Composing a new art form at Putney Mountain Winery
by Laura Rodley
Ginger and maple liqueurs and a red wine made entirely from blueberries? You can find unique delights, as well as rhubarb, raspberry, apple, black currant and pear wine, at Putney Mountain Winery and Spirits in Putney, VT, owned by Charles and Kate Dodge.
Their Simply Ginger liqueur just earned a silver medal at the San Francisco World Spirits Competition. It was the first time they entered this liqueur, mailing in two bottles of their ginger gold. “There are entries from all over the world; the winner was French. We are feeling very pleased with how we did,” said Charles Dodge. (The winner was Grand Marnier Cuvee du Centenaire Liqueur of Cognac, France.)
He is a retired professor from Dartmouth College, one of the first musicians to pioneer using computers in composing – “kind of my niche,” he said, which was what he taught at Columbia University while living in New York, and later at Dartmouth.
In 1989 the couple moved to Vermont to enjoy its beautiful landscape, where they found there was room to hone another niche. They started making wine at home in the summer of 1994, and found people were interested in it. Their first challenge in selling it was their location. “When we started to retail our wines, it was 1998 and the GPS was not in wide use,” Dodge explained. “Starting from our home, we are four miles from town on a gravel road and no one could find us.” After checking at the local gas station, he found a number of people had spoken to the attendant seeking directions to their home but still had not found it.
He soon consulted the owner of Basketville, which was in the center of Putney, and asked if they could rent a space for tasting and sales of their wines. “Sales were fine. People were really interested. You have to find a way for people to taste your wines, unless you are making wine that is completely conventional,” he said. Now they have three tasting rooms, including one in Windsor, next to Harpoon Brewery, and another in Quechee, VT, inside the Cabot Cheese Outlet. “We work jointly to provide experiences for people to see the best of what Vermont has to offer,” said Dodge.
“One of the challenges we’ve had is not using grapes. People assume wine is only made with grapes. Grapes don’t flourish here in southeastern Vermont; nobody is growing them,” Dodge said. “We went with what we could find that local farms had to offer,” emulating the way the French make regional wine out of what grows in their own terroir – traditionally grapes – resulting in unique, memorable wines.
Just a mile down the road from them is Green Mountain Orchard, where they buy their blueberries to make their “dry red” blueberry wine. “You get a whiff of blueberry at the beginning. When you swallow it, it feels like red wine going down. In the finish is the lingering taste of blueberries,” said Dodge. They have fun devising wines to satisfy the adventurous palate with what local farmers grow traditionally, rather than grapes. “Our most popular wine is a wine we call Rhubarb Blush, made of rhubarb, strawberries and raspberries,” said Dodge.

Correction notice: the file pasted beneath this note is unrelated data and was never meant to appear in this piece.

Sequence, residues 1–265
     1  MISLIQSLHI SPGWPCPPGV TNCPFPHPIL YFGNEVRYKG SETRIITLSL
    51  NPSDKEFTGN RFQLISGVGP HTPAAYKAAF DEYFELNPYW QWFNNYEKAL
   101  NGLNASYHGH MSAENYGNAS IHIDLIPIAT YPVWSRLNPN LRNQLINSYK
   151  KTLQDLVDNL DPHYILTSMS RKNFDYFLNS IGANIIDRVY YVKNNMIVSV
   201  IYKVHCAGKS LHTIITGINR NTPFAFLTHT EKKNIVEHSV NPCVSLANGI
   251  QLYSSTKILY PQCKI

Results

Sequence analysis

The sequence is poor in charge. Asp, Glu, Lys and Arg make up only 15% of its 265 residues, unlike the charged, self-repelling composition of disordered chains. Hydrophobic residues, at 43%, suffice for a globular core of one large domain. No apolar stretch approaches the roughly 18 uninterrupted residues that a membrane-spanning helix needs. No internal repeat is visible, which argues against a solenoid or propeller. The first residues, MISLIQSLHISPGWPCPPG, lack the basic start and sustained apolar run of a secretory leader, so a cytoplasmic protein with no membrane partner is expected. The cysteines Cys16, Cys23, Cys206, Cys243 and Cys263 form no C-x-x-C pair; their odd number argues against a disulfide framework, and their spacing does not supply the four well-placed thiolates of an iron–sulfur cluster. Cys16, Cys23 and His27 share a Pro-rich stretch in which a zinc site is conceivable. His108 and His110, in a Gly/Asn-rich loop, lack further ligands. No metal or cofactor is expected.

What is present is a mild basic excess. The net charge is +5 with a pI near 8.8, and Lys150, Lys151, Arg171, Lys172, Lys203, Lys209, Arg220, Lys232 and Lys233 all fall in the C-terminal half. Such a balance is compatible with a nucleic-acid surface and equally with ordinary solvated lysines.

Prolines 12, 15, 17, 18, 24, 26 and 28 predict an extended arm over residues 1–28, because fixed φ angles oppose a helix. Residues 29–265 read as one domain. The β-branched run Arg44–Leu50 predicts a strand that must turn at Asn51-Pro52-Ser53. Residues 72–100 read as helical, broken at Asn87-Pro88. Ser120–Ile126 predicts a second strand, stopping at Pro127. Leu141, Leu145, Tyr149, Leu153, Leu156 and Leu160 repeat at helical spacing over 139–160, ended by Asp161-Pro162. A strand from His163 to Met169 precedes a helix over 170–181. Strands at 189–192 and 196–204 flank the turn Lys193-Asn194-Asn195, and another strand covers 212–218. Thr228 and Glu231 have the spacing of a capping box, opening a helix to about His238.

“We don’t teach so much as demonstrate, to see if we have anything that might satisfy [customers],” he said. “Our other challenge was finding real good people. That challenge was very handsomely achieved through our current crew of excellent worker/colleagues,” said Dodge.
The couple has satisfied their aims to offer a culinary and ecologically sound tasting experience, with the added benefit of helping to keep the landscape solid, by helping to support at least 10 local farmers with their business. They’ve made some very good friends among the local farmers who depend on them as a consistent bulk buyer for their fruit. They are a certified Vermont Green business, and 100% solar powered.
Initially, it was Dodge and his wife who made the wine, and now they have 10 employees. Their rented space at Basketville is currently 1,700 square feet, and they’re in the process of expanding that to 4,500 square feet to have a bigger production and tasting area. They have tastings daily at the Putney venue, except for Thanksgiving and Christmas, and daily customers.
“In summer and leaf season, it’s very busy,” Dodge said. “It’s just one more step to be open for the public. The tasting room is a real boon to business; we don’t have to rely entirely on wholesale.”
With a capacity of 7,000 to 8,000 gallons, they currently make 40,000 bottles of wine a year, fermented in 15 to 20 stainless steel tanks. When they started in 1998, Dodge bought tanks made by a company in New Jersey. “Since then, I have bought tanks mainly made in Italy, which is known for its wine manufacturing equipment. They distribute wine making equipment around the world,” he explained.
They didn’t start making liqueurs until 2016. Though they are licensed to own a still, they don’t have one as yet, and therefore buy their alcohol from another Vermont licensed distiller.
The unique nature of their liqueurs and wines allow them to stay ahead of the curve. “The landscape is always changing,” Dodge stated. “Twenty years ago, Basketville was a thriving retail business. They’ve just closed, due to big box stores and online businesses. They’ve changed from a retail to a wholesale online business, a basket importer instead of a basket maker.”
Of their wine evolution, Dodge said, “It’s been really fun. I was a college professor before this. I enjoyed the change from teaching and research to something more enjoyment based. People like tasting wine.” It’s another kind of composing, and this time, the end result is in a bottle. For more information, see www.putneywine.com .
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